Knowledge for better food systems

The Good Farmer: Culture and identity in food and agriculture

This book examines the social and cultural aspects of the concept of a “good farmer”. It discusses the origins of the concept, symbolism, morality, gender issues and future challenges.

Publisher’s summary

Developed by leading authors in the field, this book provides a cohesive and definitive theorisation of the concept of the 'good farmer', integrating historical analysis, critique of contemporary applications of good farming concepts and new case studies, providing a springboard for future research.

The concept of the good farmer has emerged in recent years as part of a move away from attitude and economic-based understandings of farm decision-making towards a deeper understanding of culture and symbolism in agriculture. The Good Farmer shows why agricultural production is socially and culturally, as well as economically, important. It explores the history of the concept and its position in contemporary theory, as well as its use and meaning in a variety of different contexts, including landscape, environment, gender, society, and as a tool for resistance. By exploring the idea of the good farmer, it reveals the often-unforeseen assumptions implicit in food and agricultural policy that draw on culture, identity, and presumed notions of what is 'good'. The book concludes by considering the potential of the good farmer concept for addressing future, emerging issues in agriculture.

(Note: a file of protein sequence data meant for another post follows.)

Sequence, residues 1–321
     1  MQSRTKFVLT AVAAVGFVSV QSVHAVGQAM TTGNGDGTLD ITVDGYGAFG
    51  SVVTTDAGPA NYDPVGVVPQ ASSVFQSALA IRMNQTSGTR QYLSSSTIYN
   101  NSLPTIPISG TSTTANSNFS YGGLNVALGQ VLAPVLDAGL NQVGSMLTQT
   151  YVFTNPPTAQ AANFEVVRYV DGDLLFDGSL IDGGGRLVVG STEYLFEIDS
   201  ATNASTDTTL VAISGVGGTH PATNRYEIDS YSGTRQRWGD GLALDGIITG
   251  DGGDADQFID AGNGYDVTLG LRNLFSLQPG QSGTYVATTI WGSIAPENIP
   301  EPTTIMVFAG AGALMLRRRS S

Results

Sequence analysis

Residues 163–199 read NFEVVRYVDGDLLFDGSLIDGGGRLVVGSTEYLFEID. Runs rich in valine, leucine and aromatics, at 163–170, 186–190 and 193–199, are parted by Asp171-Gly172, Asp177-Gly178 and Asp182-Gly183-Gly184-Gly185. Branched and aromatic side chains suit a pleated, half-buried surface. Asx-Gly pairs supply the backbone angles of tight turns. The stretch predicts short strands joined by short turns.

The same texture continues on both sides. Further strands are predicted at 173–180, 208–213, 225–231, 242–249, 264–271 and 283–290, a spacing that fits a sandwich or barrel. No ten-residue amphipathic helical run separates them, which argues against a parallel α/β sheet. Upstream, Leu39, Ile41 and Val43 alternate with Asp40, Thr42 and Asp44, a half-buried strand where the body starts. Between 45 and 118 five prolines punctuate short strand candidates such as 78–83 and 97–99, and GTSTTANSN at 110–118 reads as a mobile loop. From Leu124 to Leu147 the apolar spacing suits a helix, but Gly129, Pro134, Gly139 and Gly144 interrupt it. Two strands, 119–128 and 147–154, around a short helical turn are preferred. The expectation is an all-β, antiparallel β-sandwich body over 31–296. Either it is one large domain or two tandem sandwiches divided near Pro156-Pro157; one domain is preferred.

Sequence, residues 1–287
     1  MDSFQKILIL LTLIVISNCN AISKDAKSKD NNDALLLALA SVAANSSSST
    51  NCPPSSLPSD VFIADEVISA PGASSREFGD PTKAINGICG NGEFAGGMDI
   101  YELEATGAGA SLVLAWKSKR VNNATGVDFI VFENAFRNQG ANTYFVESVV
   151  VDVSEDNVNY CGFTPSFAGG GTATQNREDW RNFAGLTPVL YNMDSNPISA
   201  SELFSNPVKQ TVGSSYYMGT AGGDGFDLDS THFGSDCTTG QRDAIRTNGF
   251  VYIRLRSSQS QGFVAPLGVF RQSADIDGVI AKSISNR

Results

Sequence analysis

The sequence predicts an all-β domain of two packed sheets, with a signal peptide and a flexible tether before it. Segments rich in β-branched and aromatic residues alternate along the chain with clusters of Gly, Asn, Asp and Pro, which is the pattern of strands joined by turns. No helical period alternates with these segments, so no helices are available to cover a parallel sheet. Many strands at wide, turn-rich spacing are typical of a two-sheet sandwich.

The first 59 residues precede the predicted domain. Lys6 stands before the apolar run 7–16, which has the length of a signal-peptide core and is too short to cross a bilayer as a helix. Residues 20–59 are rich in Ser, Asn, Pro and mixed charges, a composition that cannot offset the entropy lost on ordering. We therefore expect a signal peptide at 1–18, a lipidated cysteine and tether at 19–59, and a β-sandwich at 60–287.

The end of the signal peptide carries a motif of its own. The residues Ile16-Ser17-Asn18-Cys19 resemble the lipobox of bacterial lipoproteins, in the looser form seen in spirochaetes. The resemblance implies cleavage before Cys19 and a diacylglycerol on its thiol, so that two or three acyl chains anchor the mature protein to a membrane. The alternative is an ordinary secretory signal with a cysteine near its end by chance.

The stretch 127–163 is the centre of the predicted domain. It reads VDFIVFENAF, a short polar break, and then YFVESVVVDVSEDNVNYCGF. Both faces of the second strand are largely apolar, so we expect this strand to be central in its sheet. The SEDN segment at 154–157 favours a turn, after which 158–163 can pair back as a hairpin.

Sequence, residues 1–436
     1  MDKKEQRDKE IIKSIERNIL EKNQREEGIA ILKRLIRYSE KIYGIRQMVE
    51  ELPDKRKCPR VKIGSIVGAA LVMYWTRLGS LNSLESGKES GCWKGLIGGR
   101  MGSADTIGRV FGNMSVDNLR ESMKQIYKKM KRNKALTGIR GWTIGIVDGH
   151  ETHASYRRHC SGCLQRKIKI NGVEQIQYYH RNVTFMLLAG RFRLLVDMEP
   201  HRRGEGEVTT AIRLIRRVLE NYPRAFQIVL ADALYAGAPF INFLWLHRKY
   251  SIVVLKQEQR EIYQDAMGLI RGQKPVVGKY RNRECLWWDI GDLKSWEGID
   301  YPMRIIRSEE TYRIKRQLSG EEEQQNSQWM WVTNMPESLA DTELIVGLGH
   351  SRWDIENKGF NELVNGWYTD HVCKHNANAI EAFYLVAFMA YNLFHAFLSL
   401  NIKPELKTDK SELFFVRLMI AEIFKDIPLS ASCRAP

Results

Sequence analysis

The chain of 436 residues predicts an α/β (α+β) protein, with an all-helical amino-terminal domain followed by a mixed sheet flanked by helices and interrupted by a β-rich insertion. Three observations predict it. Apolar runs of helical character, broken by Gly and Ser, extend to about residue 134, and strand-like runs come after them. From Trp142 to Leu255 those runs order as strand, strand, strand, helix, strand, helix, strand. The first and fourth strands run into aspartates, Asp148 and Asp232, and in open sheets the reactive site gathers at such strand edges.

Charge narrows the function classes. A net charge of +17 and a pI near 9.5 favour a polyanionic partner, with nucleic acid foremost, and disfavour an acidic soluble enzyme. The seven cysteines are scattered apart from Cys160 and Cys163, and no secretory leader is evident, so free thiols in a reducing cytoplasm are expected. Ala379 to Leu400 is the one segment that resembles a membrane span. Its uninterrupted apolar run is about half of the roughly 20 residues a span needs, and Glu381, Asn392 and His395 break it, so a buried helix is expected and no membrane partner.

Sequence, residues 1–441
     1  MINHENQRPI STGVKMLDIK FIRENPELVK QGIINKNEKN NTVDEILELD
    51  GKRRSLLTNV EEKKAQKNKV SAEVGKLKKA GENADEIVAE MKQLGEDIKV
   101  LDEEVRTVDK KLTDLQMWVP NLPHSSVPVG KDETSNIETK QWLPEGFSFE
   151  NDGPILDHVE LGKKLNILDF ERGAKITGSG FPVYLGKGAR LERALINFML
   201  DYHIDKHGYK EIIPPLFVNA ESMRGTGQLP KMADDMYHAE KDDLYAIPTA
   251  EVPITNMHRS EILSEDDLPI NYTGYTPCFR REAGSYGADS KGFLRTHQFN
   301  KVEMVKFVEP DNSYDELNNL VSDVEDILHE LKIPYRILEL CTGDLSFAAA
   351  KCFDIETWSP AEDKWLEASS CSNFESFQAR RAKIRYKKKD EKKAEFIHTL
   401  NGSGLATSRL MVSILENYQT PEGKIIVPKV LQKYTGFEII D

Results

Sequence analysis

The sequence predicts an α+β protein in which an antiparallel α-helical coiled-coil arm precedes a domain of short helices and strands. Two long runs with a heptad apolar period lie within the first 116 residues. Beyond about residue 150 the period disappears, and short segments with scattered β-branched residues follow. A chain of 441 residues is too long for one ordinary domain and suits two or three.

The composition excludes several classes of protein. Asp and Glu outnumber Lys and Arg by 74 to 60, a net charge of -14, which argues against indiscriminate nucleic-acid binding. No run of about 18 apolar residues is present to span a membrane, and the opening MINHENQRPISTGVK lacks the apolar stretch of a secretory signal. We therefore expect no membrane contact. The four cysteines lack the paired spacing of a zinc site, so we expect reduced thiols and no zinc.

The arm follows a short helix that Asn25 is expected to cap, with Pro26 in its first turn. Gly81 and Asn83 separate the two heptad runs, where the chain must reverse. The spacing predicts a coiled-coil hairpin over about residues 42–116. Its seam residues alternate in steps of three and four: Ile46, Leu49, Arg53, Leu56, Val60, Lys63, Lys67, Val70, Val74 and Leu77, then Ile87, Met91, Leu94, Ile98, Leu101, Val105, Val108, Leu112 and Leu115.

This book will be of interest to students and scholars of food and agriculture and rural development, as well and professionals and policymakers involved in the food and agricultural industry.

 

Reference

Burton, R. J. F., Forney, J., Stock, P. and Sutherland, L.-A. (2020). The Good Farmer: Culture and Identity in Food and Agriculture. Routledge, London and New York.

Read more here. See also the Foodsource resource What about the relationship between food, culture, ethics and social norms?

 
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While some of the food system challenges facing humanity are local, in an interconnected world, adopting a global perspective is essential. Many environmental issues, such as climate change, need supranational commitments and action to be addressed effectively. Due to ever increasing global trade flows, prices of commodities are connected through space; a drought in Romania may thus increase the price of wheat in Zimbabwe.

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